An updated review regarding the dose response effects of the antipsychotic drug chlorpromazine found that in some cases of schizophrenia, lower dosages may impart similar effects to higher ones, with low doses being favored due to the debilitating side effects associated with higher dosages.

Researchers from England and the Netherlands searched the Cochrane Schizophrenia Group’s Study-Based Register of Trials on three different occasions (December ’08, October ’14, and December ’16). They collected all relevant randomized controlled trials (RTCs) comparing doses of chlorpromazine in individuals with schizophrenia.

The final analysis included five studies with 1,132 participants. The longest trial only lasted for six months and the researchers found that all included trials carried at least a moderate risk of bias. Low, medium and high doses were defined as ≤400mg/day, 401mg/day to 800mg/day, and >800mg/day, respectively.

When low-dose chlorpromazine was compared to medium-dose chlorpromazine, no clear benefit was seen with one dose over another with regards to global and mental state outcomes. In addition, the likelihood of leaving the study early was no different between the two groups. 

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One study comparing low-dose to high-dose chlorpromazine in 416 individuals found clear evidence of greater improvement regarding global state in the higher-dose group, with significantly fewer individuals in the lower dose improving (RR 1.13, 95% CI 1.01 to 1.25). However, a significantly greater risk of extrapyramidal symptoms was identified in the high-dose group (RR 0.43. 95% CI 0.32 to 0.59).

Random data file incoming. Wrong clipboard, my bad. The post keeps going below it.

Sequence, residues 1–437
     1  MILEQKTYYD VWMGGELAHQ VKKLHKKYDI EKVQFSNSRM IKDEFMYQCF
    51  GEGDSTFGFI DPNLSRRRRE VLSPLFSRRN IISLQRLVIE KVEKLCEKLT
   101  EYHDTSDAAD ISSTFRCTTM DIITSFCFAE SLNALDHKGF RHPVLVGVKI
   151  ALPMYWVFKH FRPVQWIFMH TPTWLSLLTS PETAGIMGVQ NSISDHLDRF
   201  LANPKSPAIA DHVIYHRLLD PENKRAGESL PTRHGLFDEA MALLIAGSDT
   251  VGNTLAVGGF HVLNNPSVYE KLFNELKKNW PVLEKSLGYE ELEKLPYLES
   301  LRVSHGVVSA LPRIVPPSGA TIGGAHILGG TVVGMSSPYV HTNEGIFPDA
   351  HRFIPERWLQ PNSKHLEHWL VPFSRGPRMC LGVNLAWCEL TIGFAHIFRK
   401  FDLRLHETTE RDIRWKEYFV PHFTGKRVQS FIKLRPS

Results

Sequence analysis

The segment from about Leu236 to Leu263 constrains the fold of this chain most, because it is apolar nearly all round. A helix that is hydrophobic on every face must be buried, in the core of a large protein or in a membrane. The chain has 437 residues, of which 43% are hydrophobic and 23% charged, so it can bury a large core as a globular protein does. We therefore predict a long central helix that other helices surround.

There was a noticeable difference between the number of people leaving the study from each group for any reason, with significantly more people leaving from the high-dose group (RR 0.60, 95% CI 0.40 to 0.89, moderate-quality evidence). Compared to the medium- and high-dose groups, more individuals in the low-dose group left the study due to deterioration in behavior (RR 2.70, 95% CI 1.34 to 5.44, low-quality evidence).

The researchers highlight that although chlorpromazine is 1 of the 5 medicines listed by the World Health Organization (WHO) Model List of Essential Medicines used in psychotic disorders, and has been used for over 50 years, there is a dearth of high-grade evaluative studies concerning dosing. The gradual trend toward recommending lower dosages of chlorpromazine has arisen not due to trial based evidence, but rather clinical experience and consensus.

The authors of the study note how this approach to dosing lacks scientific rigor and does not, ‘allow for proper dissemination of information that would assist clinicians to find the optimum treatment dosage for their patients.’ They go on to state that future medications should have data available from high-quality trials and studies to provide optimum treatment to patients in the shortest amount of time. 

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